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Sarabjit Singh slips into 'non-reversible coma'

Indian national Sarabjit Singh, severely injured in a brutal assault last week, has slipped into a "non-reversible" coma and doctors are struggling to save his life, official sources said today.

Sarabjit Singh slips into 'non-reversible coma'
Sarabjit Singh (File pic)

The deterioration in Sarabjit's condition could lead to "brain death", sources said. His measurements on the Glasgow Coma Scale, which indicates the levels of consciousness and damage to a person's central nervous system, had dropped to a "critical level."

A source said Sarabjit's heart is beating "but without brain function" because of the extensive head injuries he sustained when he was assaulted by prisoners at Kot Lakhpat Jail in Lahore on Friday.

Sarabjit is completely unresponsive and unable to breathe without ventilator support. The sources said the medical board supervising Sarabjit's treatment was not in a position to declare him brain dead without consulting his family and Pakistani authorities.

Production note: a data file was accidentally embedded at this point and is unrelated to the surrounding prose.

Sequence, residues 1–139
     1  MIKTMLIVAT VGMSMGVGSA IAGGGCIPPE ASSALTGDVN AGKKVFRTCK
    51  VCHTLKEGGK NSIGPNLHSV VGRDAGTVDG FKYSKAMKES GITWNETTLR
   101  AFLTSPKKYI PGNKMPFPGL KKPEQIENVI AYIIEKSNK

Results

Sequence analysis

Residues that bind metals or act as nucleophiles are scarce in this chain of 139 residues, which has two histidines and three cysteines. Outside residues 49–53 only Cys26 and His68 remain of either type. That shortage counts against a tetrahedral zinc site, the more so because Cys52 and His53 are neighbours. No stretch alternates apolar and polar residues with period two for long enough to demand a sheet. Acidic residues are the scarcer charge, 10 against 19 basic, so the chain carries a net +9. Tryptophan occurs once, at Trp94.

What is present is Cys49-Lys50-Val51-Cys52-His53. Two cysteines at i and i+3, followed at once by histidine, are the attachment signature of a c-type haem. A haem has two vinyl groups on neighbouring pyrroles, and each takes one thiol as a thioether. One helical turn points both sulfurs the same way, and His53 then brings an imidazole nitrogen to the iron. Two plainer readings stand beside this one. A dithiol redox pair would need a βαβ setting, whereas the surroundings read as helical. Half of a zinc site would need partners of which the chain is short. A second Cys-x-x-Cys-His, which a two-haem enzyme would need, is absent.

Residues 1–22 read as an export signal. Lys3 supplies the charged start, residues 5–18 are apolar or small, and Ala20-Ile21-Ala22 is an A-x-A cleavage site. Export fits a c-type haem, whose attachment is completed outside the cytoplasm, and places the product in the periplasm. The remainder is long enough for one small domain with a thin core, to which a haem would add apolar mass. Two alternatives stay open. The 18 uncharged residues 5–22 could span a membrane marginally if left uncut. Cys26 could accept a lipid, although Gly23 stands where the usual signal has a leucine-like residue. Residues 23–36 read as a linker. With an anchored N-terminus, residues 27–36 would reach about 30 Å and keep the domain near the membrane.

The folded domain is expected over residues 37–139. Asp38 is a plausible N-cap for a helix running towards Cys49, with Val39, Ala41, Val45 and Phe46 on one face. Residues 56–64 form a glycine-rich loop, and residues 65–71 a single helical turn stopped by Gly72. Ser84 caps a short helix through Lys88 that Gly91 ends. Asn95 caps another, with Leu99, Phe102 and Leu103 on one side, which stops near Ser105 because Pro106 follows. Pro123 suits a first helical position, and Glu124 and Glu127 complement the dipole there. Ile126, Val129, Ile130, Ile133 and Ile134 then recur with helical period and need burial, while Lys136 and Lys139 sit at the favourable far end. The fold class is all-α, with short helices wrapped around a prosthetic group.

The sources further said Sarabjit could not be removed from the ventilator without his family's consent and the approval of the Pakistani government. Sarabjit's wife Sukhpreet Kaur, daughters Poonam and Swapandeep Kaur and sister Dalbir Kaur, who went to Lahore on Monday to see him, returned to India today.

On Tuesday, doctors treating Sarabjit at the state-run Jinnah Hospital said that his condition had further deteriorated though he had not been declared brain dead.

They said his blood pressure was being maintained with support and his chances of survival were very slim. Sarabjit (49) sustained several injuries, including a fractured skull, when six prisoners attacked him in jail on Friday afternoon.

He was hit on the head with bricks and has been comatose in hospital since then. He was convicted of alleged involvement in a string of bomb attacks in Punjab province that killed 14 people in 1990.

His mercy petitions were rejected by the courts and former President Pervez Musharraf. The previous Pakistan People's Party-led government put off Sarabjit's execution for an indefinite period in 2008.

Sarabjit's family says he is a victim of mistaken identity and had inadvertently strayed across the border in an inebriated state. 

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